|Search Anthropology Archaeology Art and Optics Bibliotheca Polyglotta Buddhism Chinese Sources Copperplates Cuneiform Tablets Folk Religion Greek Science 1600-1821 Historical Maps Historical Travel Guides History of Architecture History of Chemistry History of Cosmology History of Demography History of Mathematics History of Mechanics History of Modern Physics History of Optical Drawing Instruments History of Pre-Modern Physics History of Science History of Ship Construction Intuitive Physics Islamic Sciences Jesuit Sciences Legal History Life Sciences Literature and Popular Science Music History Natural History Opere di Alessandro Volta Philosophy Pratolino Garden Reference Works Scientific Revolution Scientific Voyages Sign Languages Spatial Concepts||
History of Ship Design and Construction
This website archive contains a collection of material related to the history of Naval Architecture, specifically on methods and practices of ship design and construction. The primary objective has been in providing access to contemporary historical sources, which are often rare and difficult to obtain otherwise, although some secondary, more recent references were included, too. The scope of the collection is intended to be open to information from all relevant periods and regions from antiquity to the modern era throughout the world. The purpose of the archive is to assist in research work dealing with scientific and practical knowledge in the broadest sense in this discipline.
In practice the initial nucleus of the collection, as it now stands, has resulted from activities in the context of a workshop held at MPIWG in November 2001 on the subject of "Shipbuilding Practice and Ship Design Methods from the Renaissance to the 18th Century." Thus the material shows a strong orientation toward the remarkable developments in ship design and construction between about AD 1450 and 1800, mainly in mediterranean countries and Western Europe. However, important references from other periods and regions were not excluded and the archive may gradually continue to grow in this broader direction.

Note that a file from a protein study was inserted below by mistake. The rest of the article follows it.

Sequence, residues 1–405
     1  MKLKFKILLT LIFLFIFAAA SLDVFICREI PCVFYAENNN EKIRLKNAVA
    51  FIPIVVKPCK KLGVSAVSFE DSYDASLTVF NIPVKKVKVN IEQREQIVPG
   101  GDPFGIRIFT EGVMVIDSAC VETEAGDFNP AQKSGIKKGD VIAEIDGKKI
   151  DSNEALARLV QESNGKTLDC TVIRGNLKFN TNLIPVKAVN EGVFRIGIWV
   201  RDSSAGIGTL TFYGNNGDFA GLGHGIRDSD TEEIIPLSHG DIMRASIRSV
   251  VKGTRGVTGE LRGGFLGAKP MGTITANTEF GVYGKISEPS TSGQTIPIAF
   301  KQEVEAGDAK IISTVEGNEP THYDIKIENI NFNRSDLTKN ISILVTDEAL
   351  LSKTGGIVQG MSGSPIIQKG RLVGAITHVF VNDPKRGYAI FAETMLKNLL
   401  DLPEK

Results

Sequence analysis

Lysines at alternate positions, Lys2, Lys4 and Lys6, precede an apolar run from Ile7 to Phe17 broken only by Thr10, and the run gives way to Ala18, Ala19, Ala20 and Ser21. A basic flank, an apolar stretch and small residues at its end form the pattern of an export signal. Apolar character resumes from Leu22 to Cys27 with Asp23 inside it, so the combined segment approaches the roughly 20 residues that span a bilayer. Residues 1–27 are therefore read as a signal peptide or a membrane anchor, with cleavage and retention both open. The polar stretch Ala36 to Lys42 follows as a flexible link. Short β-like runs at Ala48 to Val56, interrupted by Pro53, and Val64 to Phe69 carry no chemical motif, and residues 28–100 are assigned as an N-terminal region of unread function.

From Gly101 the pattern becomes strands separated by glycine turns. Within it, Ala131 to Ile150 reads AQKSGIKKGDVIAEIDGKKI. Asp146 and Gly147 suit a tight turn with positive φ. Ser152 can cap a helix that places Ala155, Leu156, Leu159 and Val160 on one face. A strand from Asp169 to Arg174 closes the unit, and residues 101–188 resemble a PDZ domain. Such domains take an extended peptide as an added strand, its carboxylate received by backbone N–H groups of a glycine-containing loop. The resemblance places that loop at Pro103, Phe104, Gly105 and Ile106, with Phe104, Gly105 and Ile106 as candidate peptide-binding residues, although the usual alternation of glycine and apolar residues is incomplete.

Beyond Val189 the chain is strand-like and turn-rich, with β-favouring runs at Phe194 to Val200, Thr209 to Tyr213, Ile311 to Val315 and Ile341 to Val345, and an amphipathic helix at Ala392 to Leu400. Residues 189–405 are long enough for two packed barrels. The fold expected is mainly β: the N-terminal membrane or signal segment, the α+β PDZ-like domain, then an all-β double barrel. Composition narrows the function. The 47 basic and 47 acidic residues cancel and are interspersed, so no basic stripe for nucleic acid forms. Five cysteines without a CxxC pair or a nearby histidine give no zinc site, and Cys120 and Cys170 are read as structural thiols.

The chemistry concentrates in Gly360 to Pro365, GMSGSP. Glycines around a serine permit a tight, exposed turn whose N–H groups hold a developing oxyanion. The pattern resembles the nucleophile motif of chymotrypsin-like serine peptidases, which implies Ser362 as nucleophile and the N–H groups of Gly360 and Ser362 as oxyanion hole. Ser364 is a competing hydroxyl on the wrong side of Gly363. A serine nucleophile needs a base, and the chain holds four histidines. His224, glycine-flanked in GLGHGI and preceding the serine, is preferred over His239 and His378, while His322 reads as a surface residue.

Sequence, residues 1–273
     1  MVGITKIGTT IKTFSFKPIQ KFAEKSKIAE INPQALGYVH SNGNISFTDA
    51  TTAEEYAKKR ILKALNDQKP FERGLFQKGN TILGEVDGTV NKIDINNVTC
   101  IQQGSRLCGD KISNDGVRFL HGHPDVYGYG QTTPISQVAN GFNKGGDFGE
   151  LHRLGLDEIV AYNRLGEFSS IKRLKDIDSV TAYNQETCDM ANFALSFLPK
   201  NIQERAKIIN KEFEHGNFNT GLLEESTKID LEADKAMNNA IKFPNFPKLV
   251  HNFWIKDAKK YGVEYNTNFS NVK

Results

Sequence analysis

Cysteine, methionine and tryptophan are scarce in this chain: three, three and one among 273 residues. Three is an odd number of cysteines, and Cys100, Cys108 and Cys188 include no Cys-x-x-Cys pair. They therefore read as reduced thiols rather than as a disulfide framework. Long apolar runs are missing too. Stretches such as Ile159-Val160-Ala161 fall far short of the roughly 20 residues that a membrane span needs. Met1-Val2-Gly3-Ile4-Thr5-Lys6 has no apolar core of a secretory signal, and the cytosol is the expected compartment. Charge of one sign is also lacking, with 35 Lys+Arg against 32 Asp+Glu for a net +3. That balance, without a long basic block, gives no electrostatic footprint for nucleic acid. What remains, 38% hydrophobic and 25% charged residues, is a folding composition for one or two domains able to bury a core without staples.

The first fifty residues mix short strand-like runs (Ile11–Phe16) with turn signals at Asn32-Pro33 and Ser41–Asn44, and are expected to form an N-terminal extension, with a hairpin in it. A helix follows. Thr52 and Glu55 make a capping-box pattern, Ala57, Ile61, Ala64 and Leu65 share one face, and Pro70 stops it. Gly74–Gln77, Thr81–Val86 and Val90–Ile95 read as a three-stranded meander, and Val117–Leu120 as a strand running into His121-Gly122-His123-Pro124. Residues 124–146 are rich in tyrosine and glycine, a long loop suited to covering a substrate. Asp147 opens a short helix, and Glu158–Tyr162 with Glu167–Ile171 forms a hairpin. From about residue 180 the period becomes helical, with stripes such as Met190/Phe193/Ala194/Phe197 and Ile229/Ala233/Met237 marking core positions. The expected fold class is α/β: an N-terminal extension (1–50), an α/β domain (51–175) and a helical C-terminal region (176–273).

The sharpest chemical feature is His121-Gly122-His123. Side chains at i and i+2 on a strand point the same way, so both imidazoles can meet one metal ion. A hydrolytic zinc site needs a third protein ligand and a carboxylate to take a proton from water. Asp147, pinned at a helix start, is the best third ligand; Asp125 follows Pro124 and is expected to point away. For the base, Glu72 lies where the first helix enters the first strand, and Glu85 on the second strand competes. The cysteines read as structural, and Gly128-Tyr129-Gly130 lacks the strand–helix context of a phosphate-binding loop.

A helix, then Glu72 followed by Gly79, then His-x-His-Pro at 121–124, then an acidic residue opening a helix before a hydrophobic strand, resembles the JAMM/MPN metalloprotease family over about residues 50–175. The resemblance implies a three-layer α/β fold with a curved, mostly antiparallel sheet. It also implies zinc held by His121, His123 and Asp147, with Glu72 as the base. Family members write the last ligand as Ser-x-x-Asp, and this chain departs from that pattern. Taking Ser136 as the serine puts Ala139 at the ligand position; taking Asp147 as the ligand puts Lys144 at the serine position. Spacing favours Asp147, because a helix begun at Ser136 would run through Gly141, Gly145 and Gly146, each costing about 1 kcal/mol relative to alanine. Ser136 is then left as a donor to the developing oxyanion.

The archive is subdivided into four categories of material:
Grateful acknowledgments are expressed to the workshop authors and project team, the library staff, and the current ECHO project team, whose untiring efforts have made the compilation and online display of this comprehensive material possible. Special credit goes to David McGee, then a guest scientist at MPIWG and the initial instigator of the extensive bibliography and source collections. Three manuscripts, which are particular relevant for the history of shipbuilding and belonging to the Archive “Giacomo Contarini” could be published thanks to the collaboration of the State Archive of Venice.
The documents preserved at the Archivio Proprio Giacomo Contarini, collected by the homonymous Venetian Senator (1536-1595), mirror the various offices he held during his life time: supervisor of fortifications and of their building-sites; member of the Senatorial Commission in charge of judging the submitted plans for the construction of the Ponte di Rialto in Venice; and Commissioner of the Arsenal of Venice, to cite only a few examples. Giacomo Contarini always took care to copy and collect relevant material and to supplement it with copies of treatises which could have been helpful in solving the concrete problems encountered in his professions. His maecenatism, which allowed him membership to the most important cultural circles of Venice and Padova, like the one gravitating around G. Pinelli, brought him in friendly and professional contact with figures like Palladio and Galileo. Evidence of these cultural interests can be found in his private Archive, especially concerning his interest in painting, poetry, Greek, philosophy, theology, botany, and mathematics. Microeconomic history, shipbuilding history, history of architecture, and thanks to Contarini's position, the contacts between this practical knowledge and the academic world, are the research fields in reference to which this collection best expresses its relevance.
This collection is related to the history of Naval Architecture, specifically on methods and practices of ship design and construction.
Partner institutions and contributors:
|CONTACT IMPRESSUM Last Update: August 2014|